Canada just legalized cannabis this week and here’s all you need to know all about it.
How did Canada get here?
Canada first legalized medical cannabis in 2001. Since then, the industry has transformed in a very lowkey way. Growers produced their crops in huge warehouses and directly sent the medicine to patients by mail or courier service. Medical cannabis companies raise funds by going public in the stock market, just like normal companies. Dispensaries are still against the law in Canada, though they’ve been allowed in some areas.
What’s going to be legal?
In the U.S., legalization has attributed to a boom of brands and products including edibles, vape oils and a variety of hash-like concentrates usually preferred by experienced users. Canada has nothing like that. For now, edibles are off limits, but that is expected to change. The rules governing concentrates are not as clear, but licensed producers have not committed the same focus to product development as their American counterparts. For example, CO2 oils are not widely available through legal channels.
Will U.S. citizens be able to consume Canadian weed legally?
With such a tightly controlled market up north, don’t expect legalization in Canada to have too much impact on the U.S. market. While Americans will be able to buy marijuana in Canada – expect to see Amsterdam style “coffeeshops” in the future – Canada’s federal government has decided to allow the individual provinces to create their own rules as far as public consumption goes.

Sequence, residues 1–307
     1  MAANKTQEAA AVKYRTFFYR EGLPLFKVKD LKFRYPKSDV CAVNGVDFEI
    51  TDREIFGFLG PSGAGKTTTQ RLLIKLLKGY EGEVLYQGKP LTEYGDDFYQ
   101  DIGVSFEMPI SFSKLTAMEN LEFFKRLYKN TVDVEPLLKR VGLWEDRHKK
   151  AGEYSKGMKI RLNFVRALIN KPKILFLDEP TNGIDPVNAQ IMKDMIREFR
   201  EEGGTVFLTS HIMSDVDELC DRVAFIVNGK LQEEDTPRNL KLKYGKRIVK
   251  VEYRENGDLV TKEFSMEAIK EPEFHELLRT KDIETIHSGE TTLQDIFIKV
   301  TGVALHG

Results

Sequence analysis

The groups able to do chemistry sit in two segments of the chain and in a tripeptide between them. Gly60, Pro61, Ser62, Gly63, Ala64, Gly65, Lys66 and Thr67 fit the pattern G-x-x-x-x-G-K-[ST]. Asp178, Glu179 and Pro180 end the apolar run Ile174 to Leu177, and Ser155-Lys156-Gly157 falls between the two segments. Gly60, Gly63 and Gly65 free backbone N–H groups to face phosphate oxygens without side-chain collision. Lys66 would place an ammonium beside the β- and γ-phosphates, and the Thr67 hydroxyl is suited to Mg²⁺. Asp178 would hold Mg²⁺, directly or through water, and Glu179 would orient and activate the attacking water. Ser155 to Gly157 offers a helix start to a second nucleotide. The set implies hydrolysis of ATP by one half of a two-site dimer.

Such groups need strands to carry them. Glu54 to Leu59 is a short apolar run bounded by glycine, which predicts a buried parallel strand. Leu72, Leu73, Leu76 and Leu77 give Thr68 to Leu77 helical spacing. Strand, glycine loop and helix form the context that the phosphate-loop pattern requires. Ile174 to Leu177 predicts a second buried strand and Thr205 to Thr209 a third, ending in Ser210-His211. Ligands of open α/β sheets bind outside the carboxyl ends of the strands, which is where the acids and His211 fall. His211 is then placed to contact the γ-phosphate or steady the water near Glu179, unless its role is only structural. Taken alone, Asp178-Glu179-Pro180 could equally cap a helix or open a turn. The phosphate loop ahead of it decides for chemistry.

Canada’s proposed bill doesn’t offer any insight. The provinces will have to come up with their own rules, so tourists’ ability to enjoy cannabis on their own will has not yet been decided. A few AirBnB’s in legal U.S. states and Canada already advertise themselves as 420 friendly and there will most definitely be more opportunities in Canada.
Will this affect the cannabusiness in the U.S.?
In the business arena the disparity in how the two countries operate has created exciting opportunities. Canadian companies are better capitalized than their American counterparts and know how to efficiently grow cannabis on a large scale. Ultimately, national legalization gives Canada the edge. Federal prohibition is a “cloud” over the U.S. industry.
Could this mean federal legalization for the U.S. is close behind?
In the U.S., though 29 states have some sort of legalization program, cannabis is still federally illegal, including for medical use. Due to this asinine restriction, America’s legal cannabis industry has grown into a patchwork Frankenstein monster: each state has to determine for itself whether legalization is right and how the industry should be governed.